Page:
Based on projected new registrations and completion trends, most of Alberta’s trades are expected to meet or exceed the number of new certified journeypersons required by 2030. However, the Boilermaker, Carpenter, Glazier, Insulator, Plumber, and Welder trades were identified as at risk of being undersupplied. An ongoing commitment to training and apprenticeship development will remain necessary to avoid potential future skills shortages.
Building a sustainable and diverse labour force will require the construction and maintenance industry to increase recruitment from groups traditionally underrepresented in the current construction labour force, including women, Indigenous people, and new Canadians.
In 2020, there were approximately 36,600 women employed in Alberta’s construction industry, of which 31% worked directly on construction projects. Of the 172,400 tradespeople employed in the industry, women made up only 7% of the total.
Alberta has done well at attracting Indigenous people into the construction industry. Approximately 6.4% of the province’s construction labour force is made up of Indigenous people – compared with about 5% of the province’s overall working-age population. Of those in the construction and maintenance industry, 80% work directly on construction projects. Given the predisposition of Indigenous workers to consider careers in construction, there may be scope to further increase the recruitment of Indigenous people into the industry.
Alberta’s construction industry may also leverage new Canadians over the coming decade to meet anticipated labour market requirements. The province is expected to welcome an average of more than 42,000 new international migrants each year between 2021 and 2030. This will make new Canadians a growing segment of the overall labour force.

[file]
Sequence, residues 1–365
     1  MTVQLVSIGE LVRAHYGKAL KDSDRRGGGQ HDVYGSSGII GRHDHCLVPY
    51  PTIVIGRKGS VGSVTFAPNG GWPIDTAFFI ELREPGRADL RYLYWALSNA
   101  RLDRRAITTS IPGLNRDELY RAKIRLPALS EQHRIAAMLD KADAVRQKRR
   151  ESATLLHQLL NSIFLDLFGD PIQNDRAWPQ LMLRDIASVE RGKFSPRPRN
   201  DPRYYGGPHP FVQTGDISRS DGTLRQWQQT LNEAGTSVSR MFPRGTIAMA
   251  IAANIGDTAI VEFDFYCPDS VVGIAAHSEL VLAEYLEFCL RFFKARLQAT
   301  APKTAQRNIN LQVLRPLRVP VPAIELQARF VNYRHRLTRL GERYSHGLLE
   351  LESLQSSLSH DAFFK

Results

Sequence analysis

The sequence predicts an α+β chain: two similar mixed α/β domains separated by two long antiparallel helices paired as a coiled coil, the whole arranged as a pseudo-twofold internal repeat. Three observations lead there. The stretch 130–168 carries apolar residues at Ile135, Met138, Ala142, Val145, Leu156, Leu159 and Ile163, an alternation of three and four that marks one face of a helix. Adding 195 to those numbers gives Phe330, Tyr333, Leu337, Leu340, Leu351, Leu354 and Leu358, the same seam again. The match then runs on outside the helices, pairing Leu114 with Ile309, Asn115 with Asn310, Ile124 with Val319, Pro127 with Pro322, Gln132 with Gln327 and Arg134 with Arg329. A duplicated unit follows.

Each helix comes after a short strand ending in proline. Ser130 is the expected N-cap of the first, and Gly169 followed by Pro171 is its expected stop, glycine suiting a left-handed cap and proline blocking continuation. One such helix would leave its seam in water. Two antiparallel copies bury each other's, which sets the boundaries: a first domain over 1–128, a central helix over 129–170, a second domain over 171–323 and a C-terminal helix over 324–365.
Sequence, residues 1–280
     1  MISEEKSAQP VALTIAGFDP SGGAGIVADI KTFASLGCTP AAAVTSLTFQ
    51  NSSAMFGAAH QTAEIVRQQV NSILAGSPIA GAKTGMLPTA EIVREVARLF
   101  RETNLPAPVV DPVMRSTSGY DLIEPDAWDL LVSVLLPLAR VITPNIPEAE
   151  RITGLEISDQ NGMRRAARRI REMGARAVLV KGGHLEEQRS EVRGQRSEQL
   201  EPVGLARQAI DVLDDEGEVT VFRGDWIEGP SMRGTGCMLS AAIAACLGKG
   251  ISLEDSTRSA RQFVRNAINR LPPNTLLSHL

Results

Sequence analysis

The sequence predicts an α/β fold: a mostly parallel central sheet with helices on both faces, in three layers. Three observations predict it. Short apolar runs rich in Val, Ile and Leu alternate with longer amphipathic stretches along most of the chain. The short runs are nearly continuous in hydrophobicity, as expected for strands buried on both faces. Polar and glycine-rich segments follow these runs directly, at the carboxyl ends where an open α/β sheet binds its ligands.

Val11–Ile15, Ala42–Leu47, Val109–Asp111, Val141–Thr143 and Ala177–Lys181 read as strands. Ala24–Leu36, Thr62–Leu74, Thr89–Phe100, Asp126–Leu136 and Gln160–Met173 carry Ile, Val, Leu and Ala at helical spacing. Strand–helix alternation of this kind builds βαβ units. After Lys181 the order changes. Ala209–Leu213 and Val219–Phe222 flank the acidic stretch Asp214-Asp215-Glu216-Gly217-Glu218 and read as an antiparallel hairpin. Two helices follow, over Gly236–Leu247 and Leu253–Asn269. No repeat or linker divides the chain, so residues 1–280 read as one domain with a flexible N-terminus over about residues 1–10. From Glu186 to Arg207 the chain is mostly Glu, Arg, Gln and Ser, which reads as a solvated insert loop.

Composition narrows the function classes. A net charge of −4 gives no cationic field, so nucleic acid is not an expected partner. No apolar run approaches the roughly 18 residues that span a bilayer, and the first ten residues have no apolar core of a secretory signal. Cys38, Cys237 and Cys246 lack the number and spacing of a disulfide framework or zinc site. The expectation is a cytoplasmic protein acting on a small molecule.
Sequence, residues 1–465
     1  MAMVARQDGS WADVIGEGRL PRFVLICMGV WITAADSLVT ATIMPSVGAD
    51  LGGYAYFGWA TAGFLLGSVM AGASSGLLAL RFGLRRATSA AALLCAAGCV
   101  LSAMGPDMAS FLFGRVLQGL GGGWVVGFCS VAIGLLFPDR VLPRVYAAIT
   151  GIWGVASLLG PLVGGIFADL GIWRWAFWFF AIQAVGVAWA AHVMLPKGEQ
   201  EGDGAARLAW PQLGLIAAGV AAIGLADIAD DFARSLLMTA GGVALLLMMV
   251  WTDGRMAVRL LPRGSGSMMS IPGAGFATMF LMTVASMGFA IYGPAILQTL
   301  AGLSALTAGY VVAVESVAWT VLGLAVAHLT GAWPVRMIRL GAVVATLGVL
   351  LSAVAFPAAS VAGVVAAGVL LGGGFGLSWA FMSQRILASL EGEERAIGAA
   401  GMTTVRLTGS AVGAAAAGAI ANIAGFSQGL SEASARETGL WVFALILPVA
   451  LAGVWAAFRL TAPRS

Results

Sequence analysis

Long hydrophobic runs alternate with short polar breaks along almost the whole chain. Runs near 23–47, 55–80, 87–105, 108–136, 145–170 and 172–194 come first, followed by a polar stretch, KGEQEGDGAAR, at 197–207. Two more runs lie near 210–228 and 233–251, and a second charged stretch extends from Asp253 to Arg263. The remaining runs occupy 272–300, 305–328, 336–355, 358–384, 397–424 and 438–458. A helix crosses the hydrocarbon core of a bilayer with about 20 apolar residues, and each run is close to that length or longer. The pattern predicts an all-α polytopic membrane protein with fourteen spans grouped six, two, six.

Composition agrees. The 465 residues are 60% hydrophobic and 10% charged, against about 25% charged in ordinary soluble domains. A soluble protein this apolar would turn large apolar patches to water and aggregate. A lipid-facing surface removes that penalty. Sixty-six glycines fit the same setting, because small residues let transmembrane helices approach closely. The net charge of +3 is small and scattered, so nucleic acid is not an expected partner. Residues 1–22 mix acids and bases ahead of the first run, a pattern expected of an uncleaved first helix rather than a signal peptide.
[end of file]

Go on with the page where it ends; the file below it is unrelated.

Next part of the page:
Alberta’s construction labour force is comprised of approximately 17% new Canadians, which is lower than the overall share of new Canadians in the provincial labour force (23%).
BuildForce Canada is a national industry-led organization that represents all sectors of Canada’s construction industry. Its mandate is to provide accurate and timely labour market data and analysis, as well as programs and initiatives to help manage labour force requirements and build the capacity and capability of Canada’s construction and maintenance industry. Visit www.constructionforecasts.ca.
For further information, contact Bill Ferreira, Executive Director, BuildForce Canada, at email@example.com or 613-569-5552 ext. 2220.
This report was produced with the support and input of a variety of provincial construction and maintenance industry stakeholders. For local industry reaction to this latest BuildForce Canada report, please contact:
Paul de Jong
Progressive Contractors Association of Canada
Alberta Roadbuilders and Heavy Construction Association
(780) 436-9860 ext. 225
Building Trades of Alberta
(780) 421-9400 ext. 112
Alberta Construction Association
Funded by the Government of Canada’s Sectoral Initiatives Program.